THE GOVERNOR'S SPEECH.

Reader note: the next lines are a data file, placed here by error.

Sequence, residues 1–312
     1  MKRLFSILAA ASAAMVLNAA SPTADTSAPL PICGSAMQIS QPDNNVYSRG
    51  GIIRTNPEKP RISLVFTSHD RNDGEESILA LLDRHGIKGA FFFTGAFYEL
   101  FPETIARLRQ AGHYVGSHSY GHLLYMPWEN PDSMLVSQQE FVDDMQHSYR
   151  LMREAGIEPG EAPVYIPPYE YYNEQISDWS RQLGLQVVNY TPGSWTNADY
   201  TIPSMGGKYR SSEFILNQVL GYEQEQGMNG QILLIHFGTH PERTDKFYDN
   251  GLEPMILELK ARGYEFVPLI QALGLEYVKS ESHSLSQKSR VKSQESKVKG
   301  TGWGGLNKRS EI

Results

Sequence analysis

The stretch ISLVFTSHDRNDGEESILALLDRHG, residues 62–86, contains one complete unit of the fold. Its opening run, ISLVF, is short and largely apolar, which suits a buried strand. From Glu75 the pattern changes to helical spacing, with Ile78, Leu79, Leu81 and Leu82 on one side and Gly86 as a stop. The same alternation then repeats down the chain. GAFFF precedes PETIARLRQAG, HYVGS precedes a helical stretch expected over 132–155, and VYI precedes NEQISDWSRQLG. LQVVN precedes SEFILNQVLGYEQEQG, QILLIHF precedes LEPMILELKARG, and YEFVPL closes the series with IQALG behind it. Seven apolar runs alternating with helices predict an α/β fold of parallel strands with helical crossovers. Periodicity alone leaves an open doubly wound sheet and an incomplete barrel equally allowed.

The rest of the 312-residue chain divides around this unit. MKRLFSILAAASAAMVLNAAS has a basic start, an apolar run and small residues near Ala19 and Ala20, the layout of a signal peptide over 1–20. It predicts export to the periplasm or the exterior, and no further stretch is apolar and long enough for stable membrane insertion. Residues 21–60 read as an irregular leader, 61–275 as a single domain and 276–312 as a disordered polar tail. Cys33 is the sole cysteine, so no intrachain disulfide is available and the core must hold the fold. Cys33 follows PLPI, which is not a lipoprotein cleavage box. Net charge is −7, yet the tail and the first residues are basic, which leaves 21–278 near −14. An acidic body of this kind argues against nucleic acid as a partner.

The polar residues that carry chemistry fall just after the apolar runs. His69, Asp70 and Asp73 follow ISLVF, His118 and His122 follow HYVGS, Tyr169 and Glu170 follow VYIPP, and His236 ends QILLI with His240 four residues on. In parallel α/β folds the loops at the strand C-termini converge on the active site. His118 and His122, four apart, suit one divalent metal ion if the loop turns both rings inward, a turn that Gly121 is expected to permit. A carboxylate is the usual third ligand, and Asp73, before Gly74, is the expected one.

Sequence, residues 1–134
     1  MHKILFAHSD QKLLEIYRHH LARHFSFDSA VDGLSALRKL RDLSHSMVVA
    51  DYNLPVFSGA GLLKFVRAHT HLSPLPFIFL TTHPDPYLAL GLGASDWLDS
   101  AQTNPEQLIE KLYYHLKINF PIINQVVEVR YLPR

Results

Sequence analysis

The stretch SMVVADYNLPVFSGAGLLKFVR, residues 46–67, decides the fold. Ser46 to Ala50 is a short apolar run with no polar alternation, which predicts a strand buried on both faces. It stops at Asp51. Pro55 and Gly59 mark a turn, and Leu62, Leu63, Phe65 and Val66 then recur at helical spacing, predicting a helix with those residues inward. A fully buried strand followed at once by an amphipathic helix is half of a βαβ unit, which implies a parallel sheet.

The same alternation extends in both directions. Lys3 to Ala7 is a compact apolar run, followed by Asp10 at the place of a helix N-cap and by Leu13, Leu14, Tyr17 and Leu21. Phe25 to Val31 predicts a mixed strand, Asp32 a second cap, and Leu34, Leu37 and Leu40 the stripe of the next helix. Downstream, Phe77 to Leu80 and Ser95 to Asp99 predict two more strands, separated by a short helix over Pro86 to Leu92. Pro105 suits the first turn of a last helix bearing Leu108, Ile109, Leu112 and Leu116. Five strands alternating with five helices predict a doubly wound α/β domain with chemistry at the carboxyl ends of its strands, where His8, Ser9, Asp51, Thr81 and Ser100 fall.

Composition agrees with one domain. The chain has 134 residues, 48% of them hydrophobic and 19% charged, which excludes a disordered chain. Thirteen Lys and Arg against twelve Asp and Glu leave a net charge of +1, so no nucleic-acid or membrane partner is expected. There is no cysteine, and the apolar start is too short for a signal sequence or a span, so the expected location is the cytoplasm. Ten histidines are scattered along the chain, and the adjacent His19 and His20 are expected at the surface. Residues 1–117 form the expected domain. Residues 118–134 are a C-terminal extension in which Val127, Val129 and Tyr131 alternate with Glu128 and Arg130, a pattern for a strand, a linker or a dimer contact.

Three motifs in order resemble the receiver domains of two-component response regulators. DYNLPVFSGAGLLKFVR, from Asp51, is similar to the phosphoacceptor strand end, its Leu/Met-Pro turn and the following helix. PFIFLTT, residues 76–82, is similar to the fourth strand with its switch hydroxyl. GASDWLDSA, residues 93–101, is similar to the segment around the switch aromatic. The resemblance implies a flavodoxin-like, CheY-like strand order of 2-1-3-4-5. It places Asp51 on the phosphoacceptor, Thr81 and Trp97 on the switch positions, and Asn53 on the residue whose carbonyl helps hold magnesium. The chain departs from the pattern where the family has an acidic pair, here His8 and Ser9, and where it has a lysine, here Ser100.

♦ — The speech with which, on Thursday afternoon , his Excellency, Lord Onslow, opened the third session of the tenth Parliament of tho colony, is deoidedly of an unsensational character. As might have been expected, this, his first official communication to the Legislature, opened with a reference to his assumption of the Government, and an expression of his gratification at the evidences which ho has already seen of the great natural resources of New Zealand, and of the energy and industry of its inhabitants m promoting the work of colonisation, Then comes, as is fitting, congratulatory mention of the improved condition of affairs, resulting from the increase m the value and volume of our exports, and tha success of the policy of retrenchment for which the Government, we are glad to see, does not attempt to take more than its due share of credit. These pleasant preliminaries disposed of, reference is next made to the Jubilee Exhibition to be held m Dunedin, and Parliament is given to understand that a vote m aid will be asked for. The appointments to the Railway Board are lightly touched upon, on the principle, perhaps, that •• the less said the sooner mended " ; and the sales of land for settlement, and of the leases of the runs are referred to as satisfactory. Then comes the inevitable assurance that " the Estimates have been framed with a due regard to economy " ; after which the programme for the session is briefly Bet forth. Accorded, as it is, first mention, it would seem that the Government are really m earnest, and we hope they are, m their proposals for the reform of the Legislative Council, and public opinion generally will endorse that paragraph of the speech which declares the present mode of appointing members and their appointment for life to be " unsatisfactory and not m keeping with the rest of our constitution." Next comes the new Electoral Bill, under which it is to be attempted to introduce the Hare system, but as we venture to think, with little or no chance of success. Next a Bill for the classification of the Civil Service, which is declared to be *' intimately connected with the economical carrying on of all public departments," bat of the precise provisions of which the House and tho country are as yet m ignorance. Then there are the promised Hospital and Charitable Aid Bill, which will certainly be the subject of kaen discussion, and most likely of a good deal of sharp fighting ; and a Bill to amend the Property Assessment Act, the direction of which will, it is surmised, be to exempt improvements on agricultural holdings, and implements, and machinery used m agriculture. Copyright, trade marks, and patents, registration of transfers of personal property, registration of medical practitioners and the constitution of a Medical Council, and the Consolidation and Amendment of the Bankruptcy Laws, complete the list of legislative works so far as announced, which gives promise of a useful, if unexciting, session. Already m addition to tho Ministerial measures, a number of important Bills have been announced by private members, and altogether Parliament has a sufficiently varied programme before it. How it will deal with it remains to be seen.
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